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Math

Largest Prime Number Discovered – With More Than 23m Digits (mersenne.org) 117

chalsall writes: Persistence pays off. Jonathan Pace, a GIMPS volunteer for over 14 years, discovered the 50th known Mersenne prime, 2^77,232,917 -- 1 on December 26, 2017. The prime number is calculated by multiplying together 77,232,917 twos, and then subtracting one. It weighs in at 23,249,425 digits, becoming the largest prime number known to mankind. It bests the previous record prime, also discovered by GIMPS, by 910,807 digits. You can read a little more in the press release.

Largest Prime Number Discovered – With More Than 23m Digits

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  • by Anonymous Coward

    2^98,435,672 -- 1

    This is easy. Where's my fookin medal?

    • Exercise for the interested maths nerd: Prove that if q is any even number, then 2^q - 1 is divisible by 3.

      • by Anonymous Coward

        Fails if q = -2.

      • by RackinFrackin ( 152232 ) on Thursday January 04, 2018 @07:01PM (#55865781)

        Not a rigorous proof, but here's my favorite explanation:

        for any positive integer k, the binary representation of 2^k-1 consists of k 1's. If k is even, this is an even number of 1's lined up together. Since 3 is 11 in binary, you can divide 2^k-1 by 3 and get a quotient of the form 10101..01.

        e.g. 2^10 = 1111111111=11(101010101)

        • Nice argument!

          That was clearly too easy. Show that 2^98,435,672 - 1 is divisible by 5.

          • Nice argument!

            That was clearly too easy. Show that 2^98,435,672 - 1 is divisible by 5.

            It won't calculate on Excel, therefore its truth is unverifiable.

        • 2^98,435,672 - 1 is equal to (2^49217836 + 1)(2^49217836 - 1); it's a difference of squares.
          • 2^98,435,672 - 1 is equal to (2^49217836 + 1)(2^49217836 - 1); it's a difference of squares.

            But we're discussing primes. what's 4^2 - 3^2 ?

      • Re: (Score:3, Interesting)

        by ClickOnThis ( 137803 )

        Exercise for the interested maths nerd: Prove that if q is any even number, then 2^q - 1 is divisible by 3.

        Because q is even, we can write 2^q - 1 = [2^r -+1] * [2^r - 1], where 2r = q and r is a (positive) integer.

        Now consider the numbers 2^r - 1, 2^r, and 2^r + 1. One of these numbers must be divisible by 3. Clearly it is not 2^r because it only has factors that are powers of 2. Therefore either 2^r - 1 or 2^r + 1 must be divisible by 3. QED.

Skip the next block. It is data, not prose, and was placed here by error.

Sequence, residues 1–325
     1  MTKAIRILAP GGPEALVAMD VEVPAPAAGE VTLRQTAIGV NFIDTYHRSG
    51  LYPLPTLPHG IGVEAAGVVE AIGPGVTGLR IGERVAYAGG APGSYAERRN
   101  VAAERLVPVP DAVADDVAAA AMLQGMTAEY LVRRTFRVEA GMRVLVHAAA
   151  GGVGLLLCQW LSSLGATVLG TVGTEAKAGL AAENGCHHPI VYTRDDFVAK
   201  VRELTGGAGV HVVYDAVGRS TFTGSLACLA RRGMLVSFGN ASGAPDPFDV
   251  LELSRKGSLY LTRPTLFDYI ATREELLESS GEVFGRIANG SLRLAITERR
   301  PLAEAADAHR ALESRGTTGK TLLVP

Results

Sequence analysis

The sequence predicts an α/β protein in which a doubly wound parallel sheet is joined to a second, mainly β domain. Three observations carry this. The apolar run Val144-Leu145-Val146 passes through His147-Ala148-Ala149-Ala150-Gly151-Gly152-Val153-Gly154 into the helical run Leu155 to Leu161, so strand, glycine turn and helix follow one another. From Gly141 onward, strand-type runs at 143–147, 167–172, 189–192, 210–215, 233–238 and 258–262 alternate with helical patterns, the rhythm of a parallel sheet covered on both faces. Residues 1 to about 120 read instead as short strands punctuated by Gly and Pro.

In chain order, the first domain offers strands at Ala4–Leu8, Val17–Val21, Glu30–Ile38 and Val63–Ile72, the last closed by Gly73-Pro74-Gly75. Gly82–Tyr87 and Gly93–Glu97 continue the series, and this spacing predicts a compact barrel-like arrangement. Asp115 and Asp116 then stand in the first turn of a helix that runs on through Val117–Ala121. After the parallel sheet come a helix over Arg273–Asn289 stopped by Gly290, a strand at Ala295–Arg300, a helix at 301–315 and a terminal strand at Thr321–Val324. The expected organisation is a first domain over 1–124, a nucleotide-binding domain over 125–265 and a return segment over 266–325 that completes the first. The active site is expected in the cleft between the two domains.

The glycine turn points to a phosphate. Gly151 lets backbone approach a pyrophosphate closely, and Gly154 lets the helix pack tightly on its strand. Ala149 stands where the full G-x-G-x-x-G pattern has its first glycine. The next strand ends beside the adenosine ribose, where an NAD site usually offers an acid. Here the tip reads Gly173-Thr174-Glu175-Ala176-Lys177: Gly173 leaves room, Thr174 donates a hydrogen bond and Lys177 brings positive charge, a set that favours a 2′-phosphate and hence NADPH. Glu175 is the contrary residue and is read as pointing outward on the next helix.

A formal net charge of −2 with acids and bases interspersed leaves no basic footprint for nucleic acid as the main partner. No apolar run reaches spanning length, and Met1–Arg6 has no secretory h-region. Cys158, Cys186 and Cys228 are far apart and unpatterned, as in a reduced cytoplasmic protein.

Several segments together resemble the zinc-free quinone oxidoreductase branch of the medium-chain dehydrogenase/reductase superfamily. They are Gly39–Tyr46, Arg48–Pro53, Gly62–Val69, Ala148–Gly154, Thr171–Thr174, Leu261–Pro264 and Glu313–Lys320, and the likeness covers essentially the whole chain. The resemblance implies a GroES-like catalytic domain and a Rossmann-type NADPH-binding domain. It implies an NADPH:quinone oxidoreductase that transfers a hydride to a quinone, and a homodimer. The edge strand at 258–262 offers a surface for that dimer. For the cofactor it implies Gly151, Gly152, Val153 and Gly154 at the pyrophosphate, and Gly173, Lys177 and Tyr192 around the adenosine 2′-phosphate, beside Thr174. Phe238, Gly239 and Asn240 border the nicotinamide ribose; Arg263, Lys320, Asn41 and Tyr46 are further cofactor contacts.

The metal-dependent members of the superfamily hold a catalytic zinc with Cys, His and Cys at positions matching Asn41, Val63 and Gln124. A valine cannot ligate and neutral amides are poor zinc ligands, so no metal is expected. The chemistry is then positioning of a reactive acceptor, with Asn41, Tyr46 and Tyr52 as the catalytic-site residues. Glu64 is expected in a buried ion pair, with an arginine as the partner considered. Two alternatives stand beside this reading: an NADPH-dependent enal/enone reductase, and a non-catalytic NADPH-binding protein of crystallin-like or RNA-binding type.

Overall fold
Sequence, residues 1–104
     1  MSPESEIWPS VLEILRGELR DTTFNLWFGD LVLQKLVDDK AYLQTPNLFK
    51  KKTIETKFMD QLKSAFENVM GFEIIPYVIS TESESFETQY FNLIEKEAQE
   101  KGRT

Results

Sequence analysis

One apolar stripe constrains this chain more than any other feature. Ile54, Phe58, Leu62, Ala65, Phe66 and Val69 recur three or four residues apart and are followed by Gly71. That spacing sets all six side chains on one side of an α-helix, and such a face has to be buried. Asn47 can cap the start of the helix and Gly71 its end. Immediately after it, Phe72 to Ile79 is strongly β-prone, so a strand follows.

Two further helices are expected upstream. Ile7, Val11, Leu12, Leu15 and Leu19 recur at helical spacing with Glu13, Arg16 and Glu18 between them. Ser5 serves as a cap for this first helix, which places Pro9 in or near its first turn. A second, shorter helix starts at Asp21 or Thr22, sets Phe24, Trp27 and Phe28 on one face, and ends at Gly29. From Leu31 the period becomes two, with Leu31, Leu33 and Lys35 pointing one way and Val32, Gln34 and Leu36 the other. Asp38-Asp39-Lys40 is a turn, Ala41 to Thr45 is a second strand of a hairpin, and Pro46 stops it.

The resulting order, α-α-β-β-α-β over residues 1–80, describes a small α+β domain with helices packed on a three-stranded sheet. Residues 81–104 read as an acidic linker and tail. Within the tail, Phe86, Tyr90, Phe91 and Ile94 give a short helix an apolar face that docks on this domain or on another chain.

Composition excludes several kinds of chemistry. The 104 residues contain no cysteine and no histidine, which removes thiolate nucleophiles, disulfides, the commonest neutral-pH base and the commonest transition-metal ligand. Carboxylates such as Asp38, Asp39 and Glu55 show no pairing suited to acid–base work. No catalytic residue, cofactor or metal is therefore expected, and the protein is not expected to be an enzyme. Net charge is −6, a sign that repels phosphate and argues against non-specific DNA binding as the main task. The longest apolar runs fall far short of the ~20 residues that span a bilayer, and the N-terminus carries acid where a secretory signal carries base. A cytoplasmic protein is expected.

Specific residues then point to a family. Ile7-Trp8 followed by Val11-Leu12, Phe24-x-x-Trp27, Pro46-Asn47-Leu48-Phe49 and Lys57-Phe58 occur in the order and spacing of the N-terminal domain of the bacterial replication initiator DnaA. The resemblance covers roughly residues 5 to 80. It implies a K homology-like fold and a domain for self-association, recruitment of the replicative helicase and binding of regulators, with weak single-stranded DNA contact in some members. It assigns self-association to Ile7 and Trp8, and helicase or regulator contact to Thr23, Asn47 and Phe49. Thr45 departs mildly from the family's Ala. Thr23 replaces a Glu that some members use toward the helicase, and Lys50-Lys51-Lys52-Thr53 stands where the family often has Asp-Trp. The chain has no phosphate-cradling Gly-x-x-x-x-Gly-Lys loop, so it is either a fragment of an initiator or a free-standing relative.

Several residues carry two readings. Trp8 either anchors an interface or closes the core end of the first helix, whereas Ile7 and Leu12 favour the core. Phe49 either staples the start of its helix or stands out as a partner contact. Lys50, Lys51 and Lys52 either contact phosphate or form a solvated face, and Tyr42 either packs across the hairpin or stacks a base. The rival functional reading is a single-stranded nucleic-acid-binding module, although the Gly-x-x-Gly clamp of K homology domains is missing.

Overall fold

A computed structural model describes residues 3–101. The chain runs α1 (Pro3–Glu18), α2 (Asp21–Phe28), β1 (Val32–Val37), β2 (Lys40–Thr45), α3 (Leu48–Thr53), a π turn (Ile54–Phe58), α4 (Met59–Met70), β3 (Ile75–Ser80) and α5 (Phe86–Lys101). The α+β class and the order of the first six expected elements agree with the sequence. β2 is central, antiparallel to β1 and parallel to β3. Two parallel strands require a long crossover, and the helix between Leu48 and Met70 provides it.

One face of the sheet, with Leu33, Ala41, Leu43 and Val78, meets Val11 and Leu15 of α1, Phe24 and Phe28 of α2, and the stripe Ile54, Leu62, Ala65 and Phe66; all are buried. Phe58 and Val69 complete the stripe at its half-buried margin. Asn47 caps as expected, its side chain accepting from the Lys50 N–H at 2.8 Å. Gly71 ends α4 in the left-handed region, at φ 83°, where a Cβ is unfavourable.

• As an extension... every prime greater than 3 is of the form 6n+1 or
        6n -1 (wish I knew how to get the plus or minus sign into Slash comments)

        6n is obviously not prime (divisible by 6)

        6n+2, 6n+4 are divisible by 2

        6n+3 is divisible by 3

        which just leaves 6n+1 and 6n+5

        6n+5 is equivalent to 6m-1 (where m=n+1)

        so 6n+1 6n-1 are necessary but not sufficient conditions but do provide a quick & dirty test for primality for small - medium sized numbers [divisibility by 2 is easily checked; divisibility by 3

  • by Anonymous Coward on Thursday January 04, 2018 @04:18PM (#55864921)

    Just think how big a prime PHOTOSHOPS could find!

  • Every time a discovery like this is made I find it very cool, but is there any real application or point to identifying a larger prime number? Or all of the GIMPS folks burning CPU cycles just for the fun of it?
    • Re:Application (Score:5, Informative)

      by kaoshin ( 110328 ) on Thursday January 04, 2018 @04:26PM (#55864943)
      From TFA:

      "At present there are few practical uses for this new large prime, prompting some to ask "why search for these large primes"? Those same doubts existed a few decades ago until important cryptography algorithms were developed based on prime numbers. For seven more good reasons to search for large prime numbers, see here [utm.edu].

      • Re:Application (Score:4, Interesting)

        by thePsychologist ( 1062886 ) on Thursday January 04, 2018 @07:56PM (#55866089) Journal

        To clarify, these types of primes aren't useful for cryptography as they are much too large and not 'typical' primes.

        From a theoretical perspective they are quite interesting: they are in bijective correspondence with perfect numbers and no one knows whether there are infinitely many. For all we know, this one could theoretically be the last.

        • by ezdiy ( 2717051 )
          IMO, the main practical advantage is that checking for MP is fast, so they're easier to search for. Working with MP number fields is fast too (owing to close-to-pow2 property). so they find use whenever any large prime would do, it's just a nice to have MP in there.

          A typical practical usage is PRNGs of girgantual periods (the period is typically the MP itself, or multiple of thereof) for HPC number crunching. The perfect number property indeed is a nice bonus in there, as it often leads to better k-distr
    • Re: (Score:3, Informative)

      The more prime numbers that are discovered, the more likely we are to be able to discover a pattern within an arbitrary base number set. The larger numbers are useful because we also want to make sure that the entire range is consistent, or in other words that any pattern, or lack of pattern, is the same across the entire set of numbers. There is always a benefit to trying to find patterns in number theory -- it's one of the coolest and most interesting fields in pure mathematics.